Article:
Because Toronto’s more movie obsessed than a Quentin Tarantino screenplay (yuk yuk), Torontoist brings you In Revue, a weekly roundup of new releases.
Ashton Kutcher gets all wrapped up in No Strings Attached. Illustration by Chloe Cushman/Torontoist.
Pretty nice little spread this week, true believers. There’s something for everybody, even if not a lot of it was for us. Take your pick: there’s an uninspired romantic comedy (perfect date film for your relationship that will last four months), an award-winning Québécois feature (good for serving of subtitled cinema veggies), and for those of you compulsively plotting the ebbs and flows of contemporary world cinema’s various new waves, something fresh out of Greece (which is just plain good).
No Strings Attached
About twenty minutes into the nearly two hour slog of No Strings Attached we’re subjected to the first of its many sex scenes between stars Ashton Kutcher and Natalie Portman. It goes down like this:
Adam (Kutcher) snaps awake naked on a couch with a hand towel covering his crotch. Though impeccably composed in that plucked-from-an-Abercrombie-Fitch-catalogue Kutcherian way, he complains of a bruising hangover. After a string of roommates (including, for some reason, the wonderful Mindy Kaling and, for some other reason, Greta Gerwig) totter out to toy with him, he realizes that he drunkenly crashed on the couch of on-again-off-again crush Emma (Portman). After piecing together the events of his night, Adam makes a move on her. Despite the fact that his mouth probably tastes like a puke-spattered brewery floor, the two make out passionately for a bit before Adam nimbly foists himself on top of Emma and rushes the two of them to mutually-satisfying orgasm in forty-five seconds. (Emma hurries him along because she’s a doctor-babe who has to get to work.)
The remainder of the film futzes around in in this kind of stupid fairy-tale bullshit. The whole conceit is lame, given that a film’s plot necessitates the kind of complications Adam and Emma’s titular “fuck buddy” arrangement superficially precludes. Though competently directed by Reitman (he doesn’t let any boom mics slink into his shots or anything), No Strings Attached is an unfunny, unconvincing mess. Unless you’re desperate to get the taste of Blue Valentine out of your mouth, there’s no reason to see this. To be fair, though, it does score points for Ludacris’s pitch-perfect delivery of the line “Boo! Here comes my dick!”
No Strings Attached opens Friday, January 21 in wide release. Click here for showtimes.
ATTENBERG’s striking poster art, depicting star Ariane Labed’s shoulder blades sharply protruding from her back, is a bit of a cheat. After all, it’s only the film’s second most arresting image. Its most memorable impressions come early, in the film’s opening scene, in which Labed’s Marina and best friend Bella (Evangelia Randou) suck face in front of a white wall, an instantly unforgettable tableau of bored, tongue-tied sexuality.
Tsangari’s film entwines these stripes of tedium and awkwardness into a captivating look at the life on the fringes of a decaying Greek village. A listless, asexual twentysomething, Marina whiles away her days playing foosball with herself, silly-walking with her BFF, cranking Suicide tapes in her car and watching Sir David Attenborough’s nature documentaries with her dying father (Vangelis Mourikis). When a stranger (Giorgos Lanthimos) comes through town, Marina finds herself stumbling awkwardly into an overdue sexual awakening.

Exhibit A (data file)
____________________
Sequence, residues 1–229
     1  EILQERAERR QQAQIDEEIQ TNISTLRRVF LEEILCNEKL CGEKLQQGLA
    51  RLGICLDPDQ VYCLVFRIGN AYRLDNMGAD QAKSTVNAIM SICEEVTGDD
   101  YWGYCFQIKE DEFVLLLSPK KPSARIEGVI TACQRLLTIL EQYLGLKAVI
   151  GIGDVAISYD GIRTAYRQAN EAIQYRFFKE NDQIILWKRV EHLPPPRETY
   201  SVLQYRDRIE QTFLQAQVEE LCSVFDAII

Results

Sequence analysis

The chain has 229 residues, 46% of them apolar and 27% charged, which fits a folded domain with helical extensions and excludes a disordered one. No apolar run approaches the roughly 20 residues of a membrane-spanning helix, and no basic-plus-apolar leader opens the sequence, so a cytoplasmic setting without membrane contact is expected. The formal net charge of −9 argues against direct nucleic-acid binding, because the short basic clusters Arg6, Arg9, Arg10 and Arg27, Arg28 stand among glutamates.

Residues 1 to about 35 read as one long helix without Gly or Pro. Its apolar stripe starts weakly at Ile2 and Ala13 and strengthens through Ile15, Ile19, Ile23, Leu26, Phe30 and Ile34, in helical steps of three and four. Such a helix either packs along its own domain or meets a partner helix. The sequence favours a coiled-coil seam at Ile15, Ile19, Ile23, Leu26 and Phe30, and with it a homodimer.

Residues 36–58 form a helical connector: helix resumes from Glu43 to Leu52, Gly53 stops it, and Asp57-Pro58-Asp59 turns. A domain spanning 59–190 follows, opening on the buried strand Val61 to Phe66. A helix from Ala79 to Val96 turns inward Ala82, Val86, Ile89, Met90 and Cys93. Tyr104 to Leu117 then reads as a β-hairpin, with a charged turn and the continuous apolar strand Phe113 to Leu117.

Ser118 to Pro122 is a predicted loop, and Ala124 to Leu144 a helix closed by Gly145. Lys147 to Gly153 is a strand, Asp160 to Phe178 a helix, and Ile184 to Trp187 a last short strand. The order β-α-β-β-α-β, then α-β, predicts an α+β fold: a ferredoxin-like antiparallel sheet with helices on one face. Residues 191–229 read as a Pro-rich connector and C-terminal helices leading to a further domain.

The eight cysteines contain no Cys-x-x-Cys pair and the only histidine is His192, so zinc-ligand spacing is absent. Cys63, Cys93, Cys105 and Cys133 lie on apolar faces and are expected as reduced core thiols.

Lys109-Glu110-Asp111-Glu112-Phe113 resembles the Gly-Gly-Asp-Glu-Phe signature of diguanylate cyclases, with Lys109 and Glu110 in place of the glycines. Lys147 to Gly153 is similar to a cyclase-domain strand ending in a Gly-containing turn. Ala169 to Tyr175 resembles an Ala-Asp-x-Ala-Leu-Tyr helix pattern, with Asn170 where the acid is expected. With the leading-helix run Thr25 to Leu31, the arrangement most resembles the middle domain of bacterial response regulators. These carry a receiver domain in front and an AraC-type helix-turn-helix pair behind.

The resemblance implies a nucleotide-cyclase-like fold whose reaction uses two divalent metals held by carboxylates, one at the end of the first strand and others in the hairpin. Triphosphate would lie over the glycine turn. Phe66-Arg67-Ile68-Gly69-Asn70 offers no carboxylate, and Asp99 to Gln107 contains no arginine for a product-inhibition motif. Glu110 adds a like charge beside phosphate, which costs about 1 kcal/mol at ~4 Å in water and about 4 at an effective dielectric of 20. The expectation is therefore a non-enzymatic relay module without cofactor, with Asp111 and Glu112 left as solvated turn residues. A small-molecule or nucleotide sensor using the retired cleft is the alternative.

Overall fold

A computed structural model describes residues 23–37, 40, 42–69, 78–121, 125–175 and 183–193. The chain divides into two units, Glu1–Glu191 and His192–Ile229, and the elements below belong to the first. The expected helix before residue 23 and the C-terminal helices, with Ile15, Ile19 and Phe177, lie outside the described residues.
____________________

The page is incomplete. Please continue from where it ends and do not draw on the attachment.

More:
Like Dogtooth—2009’s entry into the incidental canon of the New Greek Cinema (directed by Lanthimos)—Tsangari’s ATTENBERG seems to regard sex as an inherently foreign act. Maybe it’s a takedown of Greece’s current isolation from the world, but its humanity extends beyond a rough economic allegory. ATTENBERG is a deeply felt portrait of civilization on the fringes, and of the often awkward ties that bind us together through the boredom.
ATTENBERG opens Friday, January 21 for a limited run at The Royal (608 College Street). Click here for showtimes.
For a while now, Quebec director Denis Villeneuve has been trying to charm himself into the mainstream. His last film, 2009’s Polytechnique, was cut in both French and English as a way of slipping it more seamlessly into English-speaking markets both in Canada and the United States. Now, with Incendies, Villeneuve has made an exceptionally saleable film: not by churning out some slickly Anglicized product, but making his most markedly foreign movie to date.
Decorated with awards from TIFF, the TFCA, and a bunch of other organizations tasked with canonizing Canadian cinema, Incendies has been drumming up all kinds of critical hype (including a spot on Oscar’s Foreign Film short list). It’s all a bit silly. Incendies isn’t a great film, but it’s got all markers of a film desperately beseeching critical hurrahs. Villeneuve’s latest follows orphaned twins Jeanne (Mélissa Désormeaux-Poulin) and Simon (Maxim Gaudette) attempting to solve the manifold mystery of their deceased mother’s (Lubna Azabal) past, in accordance with her will. Cutting between a mother’s youth in the Middle East and her children’s quest to recover it decades later, Villeneuve’s film traces family tragedy across multiple generations and a couple of continents.
It’s a good enough film, even if it’s a bit ham-handed. Villeneuve plays the story’s web of family tragedy unblinkingly, which works if you’re not at all sensitive to schmaltz and excessive sentimentality. When all the pieces do fall into place, the calculatingly heartrending finale is likely to stir as many sarcastic eye rolls as it is loosed tears.
Incendies opened Friday, January 20 at TIFF Bell Lightbox (350 King Street West) as part of Canada’s Top Ten. Click here for showtimes.